The terrain around the bridge as it was in 1888

My drawing of the three viewing positions is shown in the illustration below.


The evidence suggests that Vincent Van Gogh painted the Langlois Bridge landscape as he saw it. Vincent was scrupulously careful to paint what he saw, not what he imagined. The landscape that Vincent knew has changed radically, but it has been possible to re-imagine the scene as he originally encountered it.

Published by dfmarks


8 thoughts on “Vincent Van Gogh’s Langlois Bridge

  1. Two hypotheses compete to explain the oversized black building marked „T“.

    1) VvG painted St. Trophime but overestimated its appearance because painting F400 was not accomplished outdoor with a permanent view of the object, but in his studio, using memory and imagination. We know from letter 589 that it was the second attempt after a failure. This time, VvG turned the perspective about 30° anti-clockwise. He gave the black building a size and a shape that he *imagined* to appear if he were on-site. The grey second edge on the left of the building may stand for the north tower of the amphitheatre in the background. The oblique black brush stroke may stand for the main nave of the church. Maybe even the whole is exceptionally meant as a symbolic placeholder for the vaguely imagined buildings.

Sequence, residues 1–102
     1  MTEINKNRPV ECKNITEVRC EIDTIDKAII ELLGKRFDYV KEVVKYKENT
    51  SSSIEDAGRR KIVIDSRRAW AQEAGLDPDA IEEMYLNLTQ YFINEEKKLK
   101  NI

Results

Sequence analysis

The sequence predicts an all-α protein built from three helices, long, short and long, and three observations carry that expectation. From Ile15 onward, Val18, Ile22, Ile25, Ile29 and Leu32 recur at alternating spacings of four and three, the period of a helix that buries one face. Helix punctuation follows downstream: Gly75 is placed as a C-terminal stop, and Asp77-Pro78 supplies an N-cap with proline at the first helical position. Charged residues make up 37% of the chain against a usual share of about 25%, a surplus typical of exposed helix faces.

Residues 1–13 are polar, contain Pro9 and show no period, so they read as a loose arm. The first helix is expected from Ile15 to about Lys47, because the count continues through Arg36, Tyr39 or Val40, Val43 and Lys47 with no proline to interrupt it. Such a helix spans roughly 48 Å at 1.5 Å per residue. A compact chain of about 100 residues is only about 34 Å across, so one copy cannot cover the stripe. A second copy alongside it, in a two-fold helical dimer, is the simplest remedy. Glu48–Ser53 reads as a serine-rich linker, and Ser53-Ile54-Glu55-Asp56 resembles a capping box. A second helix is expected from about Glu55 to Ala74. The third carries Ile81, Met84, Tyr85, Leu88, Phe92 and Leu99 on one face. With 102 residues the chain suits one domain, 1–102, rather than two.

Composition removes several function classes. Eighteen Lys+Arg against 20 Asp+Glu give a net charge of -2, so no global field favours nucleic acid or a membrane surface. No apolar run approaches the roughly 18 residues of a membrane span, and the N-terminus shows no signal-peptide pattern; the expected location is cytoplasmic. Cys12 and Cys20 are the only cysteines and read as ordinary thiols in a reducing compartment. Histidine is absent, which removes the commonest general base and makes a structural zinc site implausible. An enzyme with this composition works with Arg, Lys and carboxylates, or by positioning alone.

2) VvG painted a building with the correct size and shape, as he usually strived to do, but it was not St. Trophime.
    a. It could be the municipal theatre (though its shape is rather unsimilar) or a windmill (though no city map from 1848 to 1914 shows one).
    b. Or it could be a building that existed at VvG‘s time but has now disappeared: Ste. Croix. Its tower was nearly double as high presumably until the Second World War, and its missing upper part was narrower than its preserved base. Seen from VvG’s position in the south, it had a zagged silhouette like the black building in the painting. Compare this engraving of a view from the east: . In this scenario, we would identify
    B = St. Césaire, J = St. Laurent, T = Ste. Croix.

    Unfortunately, none of these scenarios grants conclusive evidence.

  2. Tower B = St. Césaire, Tower J = St. Martin. But what is Tower T?

    I doubt in the German wikipedia article that claims T to represent St. Trophime.
    1. van Gogh painted it much bigger which means closer than B and J. But in reality St.Trophime is as far away as the other towers.
    2. It is lacking the typical triangle spire that VvG always conscientiously stuck to.